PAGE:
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Title

Microstructure and crystallography of the wall plates of the giant barnacle Austromegabalanus psittacus: a material organized by crystal growth

AuthorsCheca, Antonio G. ; González-Segura, Alicia; Rodríguez-Navarro, Alejandro B.; Lagos, Nelson A.
Issue Date4-Mar-2020
PublisherRoyal Society (Great Britain)
CitationJournal of the Royal Society Interface 17 (2020)
AbstractIn biomineralization, it is essential to know the microstructural and crystallographic organization of natural hard tissues. This knowledge is virtually absent in the case of barnacles. Here, we have examined the crystal morphology and orientation of the wall plates of the giant barnacle Austromegabalanus psittacus by means of optical and electron microscopy, and electron backscatter diffraction. The wall plates are made of calcite grains, which change in morphology from irregular to rhombohedral, except for the radii and alae, where fibrous calcite is produced. Both the grains and fibres arrange into bundles made of crystallographically co-oriented units, which grow onto each other epitaxially. We call these areas crystallographically coherent regions (CCRs). Each CCR elongates and disposes its c-axis perpendicularly or at a high angle to the growth surfaces, whereas the a-axes of adjacent CCRs differ in orientation. In the absence of obvious organic matrices, this pattern of organization is interpreted to be produced by purely crystallographic processes. In particular, due to crystal competition, CCRs orient their fastest growth axes perpendicular to the growth surface. Since each CCR is an aggregate of grains, the fastest growth axis is that along which crystals stack up more rapidly, that is, the crystallographic c-axis in granular calcite. In summary, the material forming the wall plates of the studied barnacles is under very little biological control and the main role of the mantle cells is to provide the construction materials to the growth front.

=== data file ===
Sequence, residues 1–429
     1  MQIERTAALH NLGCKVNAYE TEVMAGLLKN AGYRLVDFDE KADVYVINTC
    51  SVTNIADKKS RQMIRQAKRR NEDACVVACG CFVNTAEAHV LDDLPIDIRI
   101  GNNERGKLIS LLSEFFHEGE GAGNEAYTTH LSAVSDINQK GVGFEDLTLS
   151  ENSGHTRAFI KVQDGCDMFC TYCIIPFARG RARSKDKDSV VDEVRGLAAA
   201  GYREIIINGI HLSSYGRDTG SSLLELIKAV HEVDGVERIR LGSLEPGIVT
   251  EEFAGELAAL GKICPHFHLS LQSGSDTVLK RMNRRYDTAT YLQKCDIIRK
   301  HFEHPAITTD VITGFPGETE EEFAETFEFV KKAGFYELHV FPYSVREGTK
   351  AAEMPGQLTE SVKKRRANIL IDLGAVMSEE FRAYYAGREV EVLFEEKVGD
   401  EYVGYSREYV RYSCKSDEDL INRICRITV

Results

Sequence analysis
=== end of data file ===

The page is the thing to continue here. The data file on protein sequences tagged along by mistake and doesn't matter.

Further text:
Publisher version (URL)https://doi.org/10.1098/rsif.2019.0743
URIhttp://hdl.handle.net/10261/213863
DOI10.1098/rsif.2019.0743
ISSN1742-5689
E-ISSN1742-5662
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